Review: “Terraforming Mars”


Since I became a board-gamer in 1974, I have had three gosh-wow experiences at the gaming table: Civilization (Avalon Hill) in 1981, Twilight Struggle (GMT Games) in 2008 och Terraforming Mars (Fryxgames) in 2016 – three brilliant designs with much flavor, suspense and gaminess.

The theme of Terraforming Mars is to make the Red Planet habitable to humans by executing hi-tech projects that raise the temperature, improve the atmosphere and create oceans. Each player runs a megacorporation, either a “plain vanilla” one or one with unique advantages and limitations (e.g. top-notch biotech combined with budgetary constraints). One round is called a generation so a match spans centuries. When three predetermined targets have been reached — usually after only a few hours of play — the match ends and scores are calculated. Victory requires a clever mix of resource management and worker placement.

The components are a gameboard that depicts the Martian hemisphere with the Hellas basin and Vallis Marineris; card decks; plastic cubes in various colors and sizes that represent resources and properties; and hexagon tiles that represent cities, oceans and forests. Quality ranges from OK (the cubes) to excellent (the Mars board). My sole complaint is that the card texts are too tiny for my middle-aged eyes — next time I will use a magnifying glass.

Ultrashort Summary
The resources megacredits, steel, titanium, plants, energy, and heat are used to purchase and play project cards, construct industrial facilities, cultivate vegetation and carry out a lot of other ventures that will make Mars habitable. New cash arrives automatically every turn, but when it comes to everything else each corporation must establish its own production.

About 200 unique project cards represent dramatic events (e.g. crashing an ice asteroid onto Mars); inventions (e.g. a new energy source); and political maneuvers (e.g. making a cartel to take resources from a competitor); et cetera. Some deal with events on Earth (e.g. corruption and media coverage) and others with ventures among the asteroids and the moons of Jupiter (these celestial bodies are handled abstractly).

Success is costly, and bottlenecks in your corporation’s cash flow and energy production frequently obstruct your strategies. Unspent resources can be saved from turn to turn except for energy, which turns into waste heat that warms the planet (a clever notion). Certain ecological projects require specific oxygen levels and temperatures. The megacorporations can harass each other with cards that pilfer energy, cash or metals through cartels, cybercrimes, and raids; however, these cards are optional and can be removed from the deck before play.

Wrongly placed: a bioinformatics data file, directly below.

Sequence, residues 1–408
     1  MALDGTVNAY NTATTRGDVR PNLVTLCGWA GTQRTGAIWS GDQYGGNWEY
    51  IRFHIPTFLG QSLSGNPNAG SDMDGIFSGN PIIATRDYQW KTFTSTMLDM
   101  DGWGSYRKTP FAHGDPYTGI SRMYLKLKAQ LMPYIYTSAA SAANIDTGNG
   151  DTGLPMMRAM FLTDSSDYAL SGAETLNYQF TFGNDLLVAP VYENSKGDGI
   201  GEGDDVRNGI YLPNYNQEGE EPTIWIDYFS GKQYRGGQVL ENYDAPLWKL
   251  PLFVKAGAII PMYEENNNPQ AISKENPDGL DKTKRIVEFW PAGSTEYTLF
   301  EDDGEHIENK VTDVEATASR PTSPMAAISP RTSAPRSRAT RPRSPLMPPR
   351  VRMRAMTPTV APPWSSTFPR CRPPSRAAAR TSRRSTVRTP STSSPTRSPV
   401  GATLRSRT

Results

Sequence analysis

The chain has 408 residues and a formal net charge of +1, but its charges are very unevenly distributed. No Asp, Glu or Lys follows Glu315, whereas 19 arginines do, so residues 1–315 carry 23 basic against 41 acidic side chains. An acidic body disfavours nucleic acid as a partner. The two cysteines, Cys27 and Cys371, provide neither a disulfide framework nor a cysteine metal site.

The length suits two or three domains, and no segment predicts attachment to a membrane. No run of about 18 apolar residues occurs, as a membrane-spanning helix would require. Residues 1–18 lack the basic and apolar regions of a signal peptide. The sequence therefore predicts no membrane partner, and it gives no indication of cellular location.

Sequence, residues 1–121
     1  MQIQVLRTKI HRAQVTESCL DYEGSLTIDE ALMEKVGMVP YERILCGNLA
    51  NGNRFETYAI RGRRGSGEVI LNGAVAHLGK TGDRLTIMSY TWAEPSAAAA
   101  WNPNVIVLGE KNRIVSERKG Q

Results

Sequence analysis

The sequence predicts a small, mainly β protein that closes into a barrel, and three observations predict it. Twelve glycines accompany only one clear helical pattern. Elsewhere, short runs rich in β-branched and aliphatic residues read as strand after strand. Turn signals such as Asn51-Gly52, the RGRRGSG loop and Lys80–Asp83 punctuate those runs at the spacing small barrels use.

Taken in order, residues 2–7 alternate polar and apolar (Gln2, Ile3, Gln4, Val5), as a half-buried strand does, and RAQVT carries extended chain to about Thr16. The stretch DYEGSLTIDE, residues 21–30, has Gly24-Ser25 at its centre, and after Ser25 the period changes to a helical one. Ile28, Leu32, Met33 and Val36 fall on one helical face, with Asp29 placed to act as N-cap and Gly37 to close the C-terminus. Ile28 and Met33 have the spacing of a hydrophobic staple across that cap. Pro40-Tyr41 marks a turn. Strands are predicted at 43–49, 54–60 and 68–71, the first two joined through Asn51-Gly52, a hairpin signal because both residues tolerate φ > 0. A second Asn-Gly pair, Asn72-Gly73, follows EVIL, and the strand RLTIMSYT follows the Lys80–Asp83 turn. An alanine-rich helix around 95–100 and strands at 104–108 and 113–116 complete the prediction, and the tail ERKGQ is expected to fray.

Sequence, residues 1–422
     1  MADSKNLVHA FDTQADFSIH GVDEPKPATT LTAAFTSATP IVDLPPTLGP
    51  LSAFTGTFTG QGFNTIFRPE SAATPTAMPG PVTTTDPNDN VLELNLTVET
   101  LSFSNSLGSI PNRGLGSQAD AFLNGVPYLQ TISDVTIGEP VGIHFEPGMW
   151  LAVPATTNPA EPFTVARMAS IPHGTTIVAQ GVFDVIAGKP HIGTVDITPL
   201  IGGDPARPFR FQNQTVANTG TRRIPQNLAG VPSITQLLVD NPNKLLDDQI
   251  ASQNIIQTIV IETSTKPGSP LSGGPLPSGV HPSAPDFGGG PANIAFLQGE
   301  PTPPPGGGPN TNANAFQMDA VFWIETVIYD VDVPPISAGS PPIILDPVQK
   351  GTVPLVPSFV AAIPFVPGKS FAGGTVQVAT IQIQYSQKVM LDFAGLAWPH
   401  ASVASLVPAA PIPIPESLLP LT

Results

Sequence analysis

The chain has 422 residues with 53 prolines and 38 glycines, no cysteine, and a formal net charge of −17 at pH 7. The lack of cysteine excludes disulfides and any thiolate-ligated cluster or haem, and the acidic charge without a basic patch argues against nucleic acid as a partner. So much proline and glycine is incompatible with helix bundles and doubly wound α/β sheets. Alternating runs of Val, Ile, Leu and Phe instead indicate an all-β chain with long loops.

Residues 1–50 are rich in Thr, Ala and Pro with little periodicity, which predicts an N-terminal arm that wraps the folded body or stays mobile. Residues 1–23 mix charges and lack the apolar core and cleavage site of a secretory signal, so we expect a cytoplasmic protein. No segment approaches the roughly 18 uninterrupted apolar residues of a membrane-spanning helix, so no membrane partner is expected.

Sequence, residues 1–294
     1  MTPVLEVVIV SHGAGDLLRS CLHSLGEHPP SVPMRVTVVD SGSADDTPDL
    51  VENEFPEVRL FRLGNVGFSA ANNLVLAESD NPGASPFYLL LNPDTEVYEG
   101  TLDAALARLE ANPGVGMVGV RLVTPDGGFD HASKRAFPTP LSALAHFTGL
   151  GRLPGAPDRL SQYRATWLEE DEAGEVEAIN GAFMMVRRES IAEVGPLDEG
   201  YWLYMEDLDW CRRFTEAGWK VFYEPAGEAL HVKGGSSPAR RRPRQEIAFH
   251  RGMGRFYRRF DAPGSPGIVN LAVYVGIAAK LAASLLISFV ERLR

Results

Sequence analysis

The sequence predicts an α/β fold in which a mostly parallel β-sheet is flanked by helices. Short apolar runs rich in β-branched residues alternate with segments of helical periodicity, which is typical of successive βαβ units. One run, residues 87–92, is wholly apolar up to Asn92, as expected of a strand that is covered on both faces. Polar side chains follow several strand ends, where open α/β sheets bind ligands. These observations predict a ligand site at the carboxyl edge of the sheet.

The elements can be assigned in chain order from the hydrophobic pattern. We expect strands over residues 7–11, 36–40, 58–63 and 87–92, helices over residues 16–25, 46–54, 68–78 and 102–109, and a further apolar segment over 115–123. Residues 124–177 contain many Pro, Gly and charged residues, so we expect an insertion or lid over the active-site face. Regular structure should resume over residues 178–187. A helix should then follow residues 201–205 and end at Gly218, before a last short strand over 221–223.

The match ends when all ocean tiles are in place and Mars’s oxygen level and average temperature have reach their predetermined targets. The players calculate victory scores from general terraforming contributions; the emplacement of city, forest and ocean tiles; and accumulated points from specific projects (e.g. animal husbandry).

The rules are easy to grasp and the players’ challenge is to execute their plans skilfully, because there are many paths to victory. Furthermore, a solo-play option is provided. And, yes, the designers have been inspired by Kim Stanley Robinson’s Mars trilogy: there is an oblique reference in the rules where some explanatory examples contain three gamers named Kim, Stanley and Robinson.

My Verdict
5 Red Planets out of 5. I’ll actually upgrade it to 5+, because of the game’s high gosh-wow density.

Fryxgames News
I have learned that the Fryxgames designers are working on expansion kits with new maps for Mars and possibly other celestial bodies. Yes, please!

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Review: “Warcraft: The Beginning”

I went to see Warcraft: The Beginning today. I had few expectations, because it is a computer wargame turned into a CGI-heavy movie. But I was pleasantly surprised. The characters had more depth than expected (particularly the Orcs), the plot more turns and twists, and the battles more lethal outcomes (verily, anyone can die in war).

Also, no sentimentality and no info dumps; the action starts in medias res and then it is full speed ahead when the Orc Horde’s vanguard reaches the Kingdom of Stormwind for the first time by gating in from their ravaged home world and taking the humans by surprise.

No significant spoilers below.

The main human plotline is how king Llane of Stormwind has to handle a major war by mobilizing whatever military and magical resources are available. The prospective allies are wary and magic does not always deliver what is expected. The Stormwinders’ views on honor and bravery fit well with the pseudo-medieval society: a knight must be ready to lay down his life for the monarch and the realm.